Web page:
State positioning itself to win in the hydrogen world

In trying to build the best hydrogen fuel cell research team in America, South Carolina has taken a page from George Steinbrenner's playbook for building a great baseball team: Hire your competitors' best players.

And, like the flamboyant New York Yankees owner, South Carolina has gotten good at it. -- * The S.C. Hydrogen Coalition, which promotes the hydrogen economy in the state, hired as its new director Shannon Baxter- Clemmons, hydrogen fuel cell adviser to California Gov. Arnold Schwarzenegger.-- * To manage its new technology campus, which will be home to the hydrogen fuel cell team, USC lured John Parks away from a successful run as manager of the University of Kentucky's technology park.

-- * USC this spring hired Kenneth Reifsnider, director of the Connecticut Global Fuel Cell Center. Reifsnider has strong ties to United Technologies Corp., a fuel cell innovator with a huge interest in how hydrogen might hit the marketplace: Its subsidiaries make Carrier heating and air conditioning systems, Otis elevators and Pratt & Whitney aircraft engines.

Reifsnider's departure created a bit of a buzz for South Carolina -- and some panic in Connecticut.

When the news slipped out, Joel M. Rinebold of the Connecticut Hydrogen-Fuel Cell Coalition told The New York Times that South Carolina fuel cell education and training are tops in the nation.

But can South Carolina attract the right brainpower to become a leader in the "hydrogen economy"? To be to hydrogen what the Silicon Valley is to computers?

It doesn't hurt that South Carolina has a growing economy -- and yes, the weather is nice.

But there are other reasons South Carolina's high-stakes gambit might succeed:

-- * South Carolina's approach is a statewide one, with public and private cooperation.

-- * USC researchers have been breaking ground in hydrogen fuel cell research for several years.

-- * USC for four years has been home to the country's only National Science Foundation Industry/ University Cooperative Research Center for Fuel Cells.

USC's School of Engineering has as many as 20 researchers at the center conducting cutting-edge research. And big-name industries are signing on as corporate partners.

The center's mission is to hit the industry's multibillion-dollar home run: Develop the technology to make fuel cells commercial -- useful in everyday life -- possibly even replacing electricity, batteries and gasoline as energy sources.

-- * The state has something few others have -- a former nuclear weapons plant with 50 years of experience in producing and storing hydrogen. USC and the Savannah River National Laboratory near Aiken are sharing technology and expertise. And Aiken County has built a center just outside the plant to help transfer technology developed in the public sector to the private sector.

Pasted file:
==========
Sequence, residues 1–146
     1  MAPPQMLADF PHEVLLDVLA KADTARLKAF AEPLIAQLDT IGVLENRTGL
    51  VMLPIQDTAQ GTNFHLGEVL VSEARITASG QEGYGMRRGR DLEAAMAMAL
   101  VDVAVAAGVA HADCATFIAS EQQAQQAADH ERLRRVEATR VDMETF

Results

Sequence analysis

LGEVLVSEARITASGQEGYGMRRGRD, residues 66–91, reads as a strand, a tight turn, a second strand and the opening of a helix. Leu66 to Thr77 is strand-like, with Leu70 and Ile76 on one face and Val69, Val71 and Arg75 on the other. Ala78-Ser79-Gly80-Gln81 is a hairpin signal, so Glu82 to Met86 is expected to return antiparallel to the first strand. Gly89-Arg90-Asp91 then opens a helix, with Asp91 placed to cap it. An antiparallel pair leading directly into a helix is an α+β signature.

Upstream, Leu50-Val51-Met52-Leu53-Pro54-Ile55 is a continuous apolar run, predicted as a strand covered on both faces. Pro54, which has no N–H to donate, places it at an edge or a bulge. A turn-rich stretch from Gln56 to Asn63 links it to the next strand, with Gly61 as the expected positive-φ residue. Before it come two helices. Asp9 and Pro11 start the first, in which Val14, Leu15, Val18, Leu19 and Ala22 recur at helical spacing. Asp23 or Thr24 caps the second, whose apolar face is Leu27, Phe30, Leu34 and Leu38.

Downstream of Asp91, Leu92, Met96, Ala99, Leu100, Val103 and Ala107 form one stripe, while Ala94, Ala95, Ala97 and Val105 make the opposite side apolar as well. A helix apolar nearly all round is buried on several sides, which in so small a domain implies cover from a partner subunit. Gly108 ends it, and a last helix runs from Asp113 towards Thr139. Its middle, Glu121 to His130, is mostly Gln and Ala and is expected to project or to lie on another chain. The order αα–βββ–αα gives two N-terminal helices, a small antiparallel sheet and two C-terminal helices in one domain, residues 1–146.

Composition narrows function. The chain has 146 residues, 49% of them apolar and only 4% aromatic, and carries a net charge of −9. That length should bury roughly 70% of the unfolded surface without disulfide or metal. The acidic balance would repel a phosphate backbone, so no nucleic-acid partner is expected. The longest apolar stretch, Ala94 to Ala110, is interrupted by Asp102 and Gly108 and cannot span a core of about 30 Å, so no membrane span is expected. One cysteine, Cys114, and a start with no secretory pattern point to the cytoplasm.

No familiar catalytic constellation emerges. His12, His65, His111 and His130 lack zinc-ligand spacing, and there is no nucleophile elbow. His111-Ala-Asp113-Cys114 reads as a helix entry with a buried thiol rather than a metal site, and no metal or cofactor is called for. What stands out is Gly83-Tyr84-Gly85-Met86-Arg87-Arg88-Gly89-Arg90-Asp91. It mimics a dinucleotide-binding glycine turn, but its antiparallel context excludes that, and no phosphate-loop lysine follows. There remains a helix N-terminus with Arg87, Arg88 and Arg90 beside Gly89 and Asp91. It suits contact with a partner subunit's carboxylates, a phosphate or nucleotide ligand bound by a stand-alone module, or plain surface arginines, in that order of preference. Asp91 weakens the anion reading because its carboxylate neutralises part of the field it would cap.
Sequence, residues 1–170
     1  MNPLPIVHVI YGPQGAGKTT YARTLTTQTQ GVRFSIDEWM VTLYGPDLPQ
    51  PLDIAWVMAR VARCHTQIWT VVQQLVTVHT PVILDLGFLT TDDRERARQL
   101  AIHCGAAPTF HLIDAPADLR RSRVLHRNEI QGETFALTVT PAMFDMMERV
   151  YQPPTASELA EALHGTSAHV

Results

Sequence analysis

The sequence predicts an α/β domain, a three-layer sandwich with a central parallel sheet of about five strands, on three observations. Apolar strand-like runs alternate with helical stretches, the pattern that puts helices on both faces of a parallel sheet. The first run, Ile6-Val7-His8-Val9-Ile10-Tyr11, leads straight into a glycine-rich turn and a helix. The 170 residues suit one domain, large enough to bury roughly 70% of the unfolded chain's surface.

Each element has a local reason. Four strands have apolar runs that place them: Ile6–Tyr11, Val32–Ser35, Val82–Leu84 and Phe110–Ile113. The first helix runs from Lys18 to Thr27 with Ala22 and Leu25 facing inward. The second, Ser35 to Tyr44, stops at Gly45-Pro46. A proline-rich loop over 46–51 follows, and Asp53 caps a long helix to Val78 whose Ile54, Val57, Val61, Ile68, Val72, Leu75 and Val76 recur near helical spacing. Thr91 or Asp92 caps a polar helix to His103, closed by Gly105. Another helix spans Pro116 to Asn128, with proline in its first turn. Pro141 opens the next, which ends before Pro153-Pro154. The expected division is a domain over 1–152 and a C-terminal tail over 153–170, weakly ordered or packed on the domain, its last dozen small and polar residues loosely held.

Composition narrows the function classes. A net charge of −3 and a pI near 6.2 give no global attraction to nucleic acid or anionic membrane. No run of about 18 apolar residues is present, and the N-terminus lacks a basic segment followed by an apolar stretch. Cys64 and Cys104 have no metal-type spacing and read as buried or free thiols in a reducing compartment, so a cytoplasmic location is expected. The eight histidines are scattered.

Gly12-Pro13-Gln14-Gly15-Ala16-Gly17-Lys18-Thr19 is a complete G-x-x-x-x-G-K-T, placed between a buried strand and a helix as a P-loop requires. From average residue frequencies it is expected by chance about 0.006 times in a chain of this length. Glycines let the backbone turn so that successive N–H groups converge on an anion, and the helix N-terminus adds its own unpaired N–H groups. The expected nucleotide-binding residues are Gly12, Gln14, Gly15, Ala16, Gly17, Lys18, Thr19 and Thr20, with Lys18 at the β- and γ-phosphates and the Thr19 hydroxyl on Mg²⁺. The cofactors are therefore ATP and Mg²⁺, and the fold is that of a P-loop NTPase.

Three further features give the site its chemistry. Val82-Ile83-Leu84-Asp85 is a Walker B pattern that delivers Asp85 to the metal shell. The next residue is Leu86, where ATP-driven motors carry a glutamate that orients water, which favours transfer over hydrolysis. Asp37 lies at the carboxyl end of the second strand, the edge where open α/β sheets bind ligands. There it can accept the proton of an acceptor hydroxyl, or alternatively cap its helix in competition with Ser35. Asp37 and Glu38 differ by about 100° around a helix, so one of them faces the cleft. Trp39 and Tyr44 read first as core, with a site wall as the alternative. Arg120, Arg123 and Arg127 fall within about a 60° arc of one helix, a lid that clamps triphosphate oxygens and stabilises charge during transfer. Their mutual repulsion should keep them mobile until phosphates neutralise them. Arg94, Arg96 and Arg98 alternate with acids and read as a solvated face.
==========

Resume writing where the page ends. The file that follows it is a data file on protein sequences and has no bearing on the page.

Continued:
-- * Clemson University's automotive research campus in Greenville, CU-ICAR, is getting ready to provide real-world testing for fuel cells developed for automobiles, thanks in large part to industry giant BMW, whose only North American plant is a dozen or so miles away.

-- * Clemson scientists have contributed major breakthroughs in improving membranes necessary for fuel cells.

-- * The state's fledgling endowed chairs program is providing the real money it takes to attract more top researchers.

"If we are going to win, if we are going to move the university forward, we don't just need a few stars, we need a constellation," said John Van Zee, a core driver of USC's fuel cell efforts and director of the National Science Foundation center. "That's part of what we are trying to create here with these endowed chairs."


Getting the science right will not be enough to make the state a world leader in an emerging industry.

Granted, whichever state makes the big breakthrough in the commercialization of hydrogen will attract researchers, federal dollars, private industry and jobs like a flame draws moths, like California attracted gold diggers in 1849.

But converting the science into products and services is another way to become a major player in a hydrogen-driven world.

To boost the state's chances in finding applications for hydrogen, Clemson has brought in David Bodde, a former executive with the National Academy of Sciences and an expert on entrepreneurship. Bodde in February participated in a National Academy conference on the future of the hydrogen economy.

"I think we can win in this independent of where the breakthrough comes from in the science," Bodde said. "We'd like it happen here, of course. But the entrepreneurship will be key to economic success.

"(Clemson is) a player. We don't have a huge lead. We are kind of small in the game, but we have some advantages," Bodde said.

Bodde cites a $2 million grant Clemson received from the Department of Energy to study the effects of impurities in hydrogen fuels. "If we weren't getting these types of awards, we'd have to question our ability to play. But we are getting them."